Leonardo's incomparably lively sketches for the Battle of Anghiari inspired a thirtyish Michelangelo to try drawing knots of men and horses for his own Battle of Cascina. But Michelangelo never shared Leonardo's fascination with nature, or the elder artist's peerless facility with pen and ink. Leonardo's sketches of galloping horses kicking up dust have a dynamism that Michelangelo simply could not equal - but then neither could anybody else.
Hee. I read that, and for a minute I felt like rebelling against it somehow, but there isn't a way. For some people, the genius gradient is just too steep. The same thing applies to Bach, I find. Ditto for any study of Bloomsbury, from an artistic point of view: there's everybody else, punting on Isis and moping about bad hygiene, and then there's Virginia Woolf, towering over everybody else.
And what about the mighty TLS? You'll recall (unless you've BLOCKED IT OUT) the piece I mentioned about Edward Luttwak's historical analysis of the Cold War ... well, David Kenney (a MAJOR A-hole, but hey ... when you're right, you're right) writes in response:
Edward Luttwak's piece misses the point. Because of their paucity and lack of accuracy, nuclear deterrents were useful only after the late 1960s. Contrary to Luttwak the Soviet Bloc did go to war, after the Second World War, on the periphery. It tried by military force to seize South Korea, West Berlin and Cuba, by covert action to own the Congo, Nigeria and Italy, and by political action and diplomacy to control the Straits of Mermara, Syria and Libya. The Taiwan Straits were a gleam in the Bloc's eye. As South Korea, Singapore, Taiwan and Japan thrived, the Kremlin's leaders watched all their initiatives, especially those in Africa, diminish to ugly internal and tribal warfare and in relevance to the West's continued hegemony. Everywhere Russians popped up, we beat them.
From the 1970s until the Soviet Union's collapse, it operated a reckless and ruinously expensive ballistic missile system. Here Luttwak is partially correct. But that system would not have been nearly as effective, if war had come, as was proclaimed, and it drove the Communist regime into bankruptcy. Their missiles could have ravaged much of the West but we would have won. Our third strike lay under the ice; theirs did not.
Secretary McNamara said that we had three nuclear confrontations with the Kremlin on his watch. I was present at two of them. They blinked and we did not. We are here and they are not.
And then there's the New Yorker, which had quite a bit of interesting stuff in it this time around - and nothing more surprising to me than the fact that I actually kinda LIKED the Martin Amis short story inside. I usually can't stand Amis (actually, I'm not all that fond of his father's novels either ... soggy academic sex-romps, exercises in tedium), but in this short story he puts himself inside the mind of one of the 9/11 hijackers, and it works. I'll be curious to see if it shows up in any 'best of' year-end anthologies.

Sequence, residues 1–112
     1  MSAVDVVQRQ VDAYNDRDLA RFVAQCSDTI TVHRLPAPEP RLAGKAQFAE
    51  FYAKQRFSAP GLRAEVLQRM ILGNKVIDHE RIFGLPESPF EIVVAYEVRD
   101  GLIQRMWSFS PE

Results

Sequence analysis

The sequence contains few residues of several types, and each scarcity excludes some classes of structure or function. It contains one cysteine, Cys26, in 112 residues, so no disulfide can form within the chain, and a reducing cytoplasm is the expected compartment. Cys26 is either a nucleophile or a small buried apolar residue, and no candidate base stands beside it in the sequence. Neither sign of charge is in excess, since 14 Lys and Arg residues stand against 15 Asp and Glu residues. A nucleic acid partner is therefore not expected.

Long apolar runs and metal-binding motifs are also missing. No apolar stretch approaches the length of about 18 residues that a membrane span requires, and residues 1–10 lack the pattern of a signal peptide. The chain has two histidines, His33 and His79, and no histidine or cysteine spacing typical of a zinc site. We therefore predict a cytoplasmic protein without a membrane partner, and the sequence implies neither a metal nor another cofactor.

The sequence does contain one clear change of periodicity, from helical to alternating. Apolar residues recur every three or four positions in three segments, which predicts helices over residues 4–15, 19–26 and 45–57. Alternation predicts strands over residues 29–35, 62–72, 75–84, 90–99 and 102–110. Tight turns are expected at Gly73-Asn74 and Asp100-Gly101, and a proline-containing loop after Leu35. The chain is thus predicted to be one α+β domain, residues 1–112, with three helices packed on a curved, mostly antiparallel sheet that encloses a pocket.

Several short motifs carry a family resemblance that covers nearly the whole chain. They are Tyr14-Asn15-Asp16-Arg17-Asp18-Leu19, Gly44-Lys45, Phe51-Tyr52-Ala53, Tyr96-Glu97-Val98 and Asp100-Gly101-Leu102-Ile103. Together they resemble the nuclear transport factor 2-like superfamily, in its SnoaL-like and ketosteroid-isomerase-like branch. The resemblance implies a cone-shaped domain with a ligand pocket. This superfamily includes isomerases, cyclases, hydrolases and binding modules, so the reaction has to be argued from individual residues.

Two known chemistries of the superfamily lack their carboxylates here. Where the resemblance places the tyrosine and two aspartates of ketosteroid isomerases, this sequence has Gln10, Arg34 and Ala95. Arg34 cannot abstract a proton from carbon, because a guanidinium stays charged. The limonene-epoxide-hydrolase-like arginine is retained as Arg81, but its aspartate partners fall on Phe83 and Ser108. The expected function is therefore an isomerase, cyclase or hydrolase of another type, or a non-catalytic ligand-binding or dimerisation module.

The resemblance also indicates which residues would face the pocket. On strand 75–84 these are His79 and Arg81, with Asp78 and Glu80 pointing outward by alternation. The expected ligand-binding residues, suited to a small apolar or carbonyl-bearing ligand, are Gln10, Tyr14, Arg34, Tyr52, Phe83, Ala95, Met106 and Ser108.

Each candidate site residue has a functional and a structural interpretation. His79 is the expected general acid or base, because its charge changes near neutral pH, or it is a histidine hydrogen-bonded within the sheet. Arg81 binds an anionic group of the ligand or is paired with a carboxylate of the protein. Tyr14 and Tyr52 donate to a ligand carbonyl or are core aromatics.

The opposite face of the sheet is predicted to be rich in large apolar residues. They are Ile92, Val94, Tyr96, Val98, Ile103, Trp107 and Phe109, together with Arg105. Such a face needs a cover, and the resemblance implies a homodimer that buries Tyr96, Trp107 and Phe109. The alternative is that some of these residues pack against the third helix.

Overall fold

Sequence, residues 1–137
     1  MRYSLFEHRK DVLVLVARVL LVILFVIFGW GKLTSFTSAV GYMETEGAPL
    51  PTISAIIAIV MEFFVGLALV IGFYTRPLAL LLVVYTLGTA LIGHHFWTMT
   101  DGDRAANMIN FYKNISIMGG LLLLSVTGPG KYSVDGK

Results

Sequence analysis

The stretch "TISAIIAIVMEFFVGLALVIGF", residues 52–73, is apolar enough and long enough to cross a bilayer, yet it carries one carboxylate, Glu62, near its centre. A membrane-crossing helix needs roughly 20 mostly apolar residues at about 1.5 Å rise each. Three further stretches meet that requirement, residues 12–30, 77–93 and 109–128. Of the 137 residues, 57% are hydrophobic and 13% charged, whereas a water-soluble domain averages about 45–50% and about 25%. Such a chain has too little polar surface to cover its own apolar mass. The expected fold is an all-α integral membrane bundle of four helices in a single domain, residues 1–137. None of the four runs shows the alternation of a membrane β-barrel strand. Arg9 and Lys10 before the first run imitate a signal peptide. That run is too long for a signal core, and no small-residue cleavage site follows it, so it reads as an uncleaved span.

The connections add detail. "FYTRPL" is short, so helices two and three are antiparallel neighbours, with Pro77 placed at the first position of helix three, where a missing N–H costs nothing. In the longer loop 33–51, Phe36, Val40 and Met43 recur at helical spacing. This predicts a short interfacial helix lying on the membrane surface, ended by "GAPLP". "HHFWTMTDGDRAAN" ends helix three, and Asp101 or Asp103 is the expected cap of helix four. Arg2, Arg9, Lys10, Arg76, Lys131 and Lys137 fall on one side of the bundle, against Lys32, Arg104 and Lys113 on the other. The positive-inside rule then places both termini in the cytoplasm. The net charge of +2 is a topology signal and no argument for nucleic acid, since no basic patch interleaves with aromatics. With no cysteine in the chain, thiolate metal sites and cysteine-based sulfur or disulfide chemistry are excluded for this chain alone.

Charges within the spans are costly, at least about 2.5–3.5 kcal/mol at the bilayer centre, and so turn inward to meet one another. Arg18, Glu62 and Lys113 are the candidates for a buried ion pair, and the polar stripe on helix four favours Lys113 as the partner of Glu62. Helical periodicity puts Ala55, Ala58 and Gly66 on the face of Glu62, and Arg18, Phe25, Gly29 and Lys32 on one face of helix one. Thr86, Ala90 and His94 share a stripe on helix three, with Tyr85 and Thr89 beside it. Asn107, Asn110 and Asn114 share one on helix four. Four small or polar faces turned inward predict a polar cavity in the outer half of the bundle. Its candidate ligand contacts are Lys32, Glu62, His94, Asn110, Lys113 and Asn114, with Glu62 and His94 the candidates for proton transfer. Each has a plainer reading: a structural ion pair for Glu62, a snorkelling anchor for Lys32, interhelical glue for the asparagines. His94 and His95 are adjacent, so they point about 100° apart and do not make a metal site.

The New Yorker also had a review of the new Veronese show at the Frick - a piece written by their art critic Peter Schjeldahl, with whom I often disagree on matters of art (mainly because he's a boob, and this piece was no exception - like, for instance, when he offhandedly mentions that Bellini was a better painter than Veronese ... not only is the statement wrong on its face, but in a typically careless fashion, Sjehdahl doesn't even specify WHICH Bellini). But he does manage to convey the bright watery genius of the man - in my opinion the best Venetian painter of them all - and that always comes with a touch of pity, since SO much of Veronese's work is lost. For whole decades in a very long productive life, his favorite thing to do was decorative frescoes, sometimes filling the entire interior of a palazzo with gorgeous, glowing works on every wall, from floor to ceiling, so that walking from room to room made you feel like you were INSIDE a painting. But Venice's climate is hell on walls, so lots of Veronese just peeled away over (very little) time. And many patrons wanted to impress their guests with his work, so they had him paint their grand entrances off the canal - and quite a few of those entrances are now under ten feet of water. There's a sermon in their somewhere about the inherent fragility of art - remind me to bore you with it someday!
(I had a roommate in college once, a frail and kind-hearted young man, and when he was in the mood, he'd take out his violin and play such winding, looping, gorgeous late-night solos that partygoers outside would stop and look up. His usual method was to start with Bach or Beethoven and then weave in longer and longer digressions that were entirely his own and entirely spontaneous - and they were heartbreakingly, astoundingly beautiful. And a couple of years later he died, with no recording ever made, no transcriptions ... no trace of any kind that such beauty ever existed, except in the memory of those who heard it. But that'll be covered in the aforementioned sermon!)